Opposites Attract in Piranha Bytes’ Ambitious RPG ‘ELEX’

Eclectic, Lavish, Exhilerating, Xenial is the tag-line that accompanies Piranha Bytes’ latest project, ELEX. An open-World RPG may not strike you as something that could be considered ambitious in today’s World, but what if I told you the Nordic Games developer — the same team behind both the Gothic & Risen series — are aiming to fuse two of the most conflicting genres and fields of taste you can often find in role-playing ventures? That Piranha’s ELEX aims to be a hybrid of fantasy and science fiction. Of clattering swords and blistering laser pistols; a World torn between clans and energy struggles. A high tale as much a far-flung verge on the dystopian. Naturally you may want to picture what would happen if Bethesda were to ever conjoin their two notably popular RPG’s in The Elder Scrolls & Fallout (and maybe throw a pinch of The Witcher in there for good reason) into one all-encompassing World and I’d forgive you for making such an easy comparison.

But there’s a reason why ELEX has turned out to be one of the more ambitious games I’ve had the pleasure (more importantly) of hearing and learning more about by the developers themselves — nestled away in Nordic Games’ little corner of E3 as the good people of Piranha walked me through both the background as much the goal behind their game. ELEX takes place on the fictional planet of Magalan in a period long-after a near-cataclysmic meteor strike that has both ravaged the planet yet has also spawned a mysterious substance of which shares its name with the game’s title. This substance, ELEX, proves to be an extremely powerful (but now limited) resource — able to power machines, enable sorcery and even reanimate objects into new forms. Naturally, warring factions with differing moral and social/religious beliefs have emerged — all of which seeking gain dominance over the limited resource and the World by result.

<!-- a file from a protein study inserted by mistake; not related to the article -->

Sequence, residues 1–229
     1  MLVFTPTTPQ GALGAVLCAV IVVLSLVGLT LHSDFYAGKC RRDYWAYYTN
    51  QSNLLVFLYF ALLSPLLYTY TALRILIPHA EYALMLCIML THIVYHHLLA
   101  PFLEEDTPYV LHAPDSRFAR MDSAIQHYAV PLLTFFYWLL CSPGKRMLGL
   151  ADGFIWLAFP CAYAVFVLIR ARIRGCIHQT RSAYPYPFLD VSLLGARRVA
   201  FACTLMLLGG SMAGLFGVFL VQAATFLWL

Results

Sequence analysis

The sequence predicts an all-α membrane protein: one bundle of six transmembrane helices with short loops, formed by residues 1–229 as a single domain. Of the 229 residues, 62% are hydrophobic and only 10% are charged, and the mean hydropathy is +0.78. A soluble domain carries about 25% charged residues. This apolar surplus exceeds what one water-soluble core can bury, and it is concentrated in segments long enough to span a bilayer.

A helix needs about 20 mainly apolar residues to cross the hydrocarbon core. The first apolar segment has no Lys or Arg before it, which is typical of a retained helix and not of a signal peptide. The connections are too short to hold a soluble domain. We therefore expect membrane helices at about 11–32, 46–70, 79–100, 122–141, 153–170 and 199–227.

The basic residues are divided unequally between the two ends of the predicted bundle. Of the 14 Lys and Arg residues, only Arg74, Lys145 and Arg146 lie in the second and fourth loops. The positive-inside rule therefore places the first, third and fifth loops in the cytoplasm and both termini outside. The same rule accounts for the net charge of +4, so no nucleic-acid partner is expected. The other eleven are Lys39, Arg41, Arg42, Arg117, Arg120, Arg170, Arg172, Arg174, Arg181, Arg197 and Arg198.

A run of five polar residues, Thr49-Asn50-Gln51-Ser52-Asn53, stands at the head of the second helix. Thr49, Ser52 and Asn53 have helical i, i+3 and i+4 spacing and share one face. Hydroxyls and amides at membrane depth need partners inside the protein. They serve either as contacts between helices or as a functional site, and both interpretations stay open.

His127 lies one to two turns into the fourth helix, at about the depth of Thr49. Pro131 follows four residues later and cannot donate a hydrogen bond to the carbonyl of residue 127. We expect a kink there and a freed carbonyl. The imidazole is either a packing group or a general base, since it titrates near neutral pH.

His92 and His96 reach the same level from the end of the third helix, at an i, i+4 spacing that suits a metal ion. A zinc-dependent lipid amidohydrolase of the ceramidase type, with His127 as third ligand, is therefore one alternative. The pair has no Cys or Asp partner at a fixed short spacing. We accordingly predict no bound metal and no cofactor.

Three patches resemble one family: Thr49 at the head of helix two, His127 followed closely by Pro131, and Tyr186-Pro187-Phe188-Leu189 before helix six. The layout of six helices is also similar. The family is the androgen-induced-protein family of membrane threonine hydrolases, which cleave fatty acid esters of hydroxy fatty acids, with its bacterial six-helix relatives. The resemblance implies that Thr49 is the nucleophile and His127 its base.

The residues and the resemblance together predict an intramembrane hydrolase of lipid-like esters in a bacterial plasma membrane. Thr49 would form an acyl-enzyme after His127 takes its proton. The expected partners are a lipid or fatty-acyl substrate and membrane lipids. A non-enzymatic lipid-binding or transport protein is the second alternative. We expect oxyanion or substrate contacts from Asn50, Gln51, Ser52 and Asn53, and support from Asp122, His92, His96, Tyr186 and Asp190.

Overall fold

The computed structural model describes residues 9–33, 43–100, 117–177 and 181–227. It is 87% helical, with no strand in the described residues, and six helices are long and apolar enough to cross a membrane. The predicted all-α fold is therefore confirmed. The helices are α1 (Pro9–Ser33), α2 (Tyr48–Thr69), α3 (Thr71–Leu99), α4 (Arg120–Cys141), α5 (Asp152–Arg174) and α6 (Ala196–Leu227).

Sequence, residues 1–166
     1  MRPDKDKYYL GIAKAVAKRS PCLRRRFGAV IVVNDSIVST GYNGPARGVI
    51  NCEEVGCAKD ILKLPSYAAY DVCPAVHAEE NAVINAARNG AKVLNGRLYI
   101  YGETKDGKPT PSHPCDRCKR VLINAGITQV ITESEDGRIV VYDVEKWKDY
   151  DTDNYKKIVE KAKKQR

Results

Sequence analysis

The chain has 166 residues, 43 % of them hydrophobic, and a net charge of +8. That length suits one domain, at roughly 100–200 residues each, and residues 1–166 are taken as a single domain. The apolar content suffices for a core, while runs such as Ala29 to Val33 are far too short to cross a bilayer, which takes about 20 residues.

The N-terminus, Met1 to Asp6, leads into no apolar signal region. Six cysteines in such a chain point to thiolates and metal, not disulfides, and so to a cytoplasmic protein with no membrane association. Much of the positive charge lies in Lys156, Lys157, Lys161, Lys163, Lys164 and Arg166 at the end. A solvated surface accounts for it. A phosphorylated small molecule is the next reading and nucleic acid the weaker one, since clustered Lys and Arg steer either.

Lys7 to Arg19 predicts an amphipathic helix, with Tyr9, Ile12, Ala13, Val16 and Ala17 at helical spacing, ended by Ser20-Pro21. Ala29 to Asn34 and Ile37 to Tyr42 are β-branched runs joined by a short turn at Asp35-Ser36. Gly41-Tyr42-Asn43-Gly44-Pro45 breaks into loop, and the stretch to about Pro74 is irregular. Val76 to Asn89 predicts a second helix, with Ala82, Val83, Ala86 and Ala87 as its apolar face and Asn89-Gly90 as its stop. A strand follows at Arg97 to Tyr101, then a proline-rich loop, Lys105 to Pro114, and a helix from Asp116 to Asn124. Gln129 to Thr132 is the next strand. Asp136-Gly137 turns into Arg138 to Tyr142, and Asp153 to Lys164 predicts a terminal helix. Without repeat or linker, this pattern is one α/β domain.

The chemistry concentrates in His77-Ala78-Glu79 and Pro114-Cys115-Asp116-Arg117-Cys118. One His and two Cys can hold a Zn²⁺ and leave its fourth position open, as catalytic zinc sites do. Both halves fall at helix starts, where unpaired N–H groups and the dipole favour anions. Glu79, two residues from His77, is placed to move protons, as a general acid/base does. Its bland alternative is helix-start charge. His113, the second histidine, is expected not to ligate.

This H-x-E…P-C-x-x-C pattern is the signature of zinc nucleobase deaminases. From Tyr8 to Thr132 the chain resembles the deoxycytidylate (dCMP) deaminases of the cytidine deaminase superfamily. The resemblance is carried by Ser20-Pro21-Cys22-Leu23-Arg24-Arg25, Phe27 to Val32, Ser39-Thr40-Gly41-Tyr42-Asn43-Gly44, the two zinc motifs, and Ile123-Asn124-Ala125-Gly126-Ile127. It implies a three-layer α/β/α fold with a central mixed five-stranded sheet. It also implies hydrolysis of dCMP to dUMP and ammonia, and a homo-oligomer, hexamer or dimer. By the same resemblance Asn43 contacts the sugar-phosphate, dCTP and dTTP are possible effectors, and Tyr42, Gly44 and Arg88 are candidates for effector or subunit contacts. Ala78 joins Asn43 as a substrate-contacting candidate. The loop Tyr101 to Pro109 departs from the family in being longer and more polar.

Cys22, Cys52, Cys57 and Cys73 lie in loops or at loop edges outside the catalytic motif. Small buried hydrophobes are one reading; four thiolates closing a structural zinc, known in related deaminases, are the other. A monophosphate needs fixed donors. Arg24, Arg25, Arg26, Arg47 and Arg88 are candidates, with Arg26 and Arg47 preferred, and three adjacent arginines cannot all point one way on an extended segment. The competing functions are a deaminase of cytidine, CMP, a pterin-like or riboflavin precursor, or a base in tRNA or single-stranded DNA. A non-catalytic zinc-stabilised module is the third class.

ELEX Screenshot
In the game, you play as a member of the Albs, beings whom are able to consume ELEX as a way of ridding themselves of emotion, thus becoming entirely apathetic but far more effective soldiers. Throughout your quest, you can join up with a range of factions, each with their own unique characteristics and background origins — some dedicate themselves to magic, others to technology, another faction even acting as the go-to liberal movement of the game World. But fortunately this is one of only a few stand-out elements that harkens back to the traditional framework of decision-based “go wherever/do whatever” story-telling. Naturally there are dialogue options — of which the developer claims will help flesh out the emotional connection (or disconnection) you set for your once emotionally-deprived avatar — as there are towns to visit, people to meet/greet/kill and even random encounters against a varied assortment of beasts and machines alike.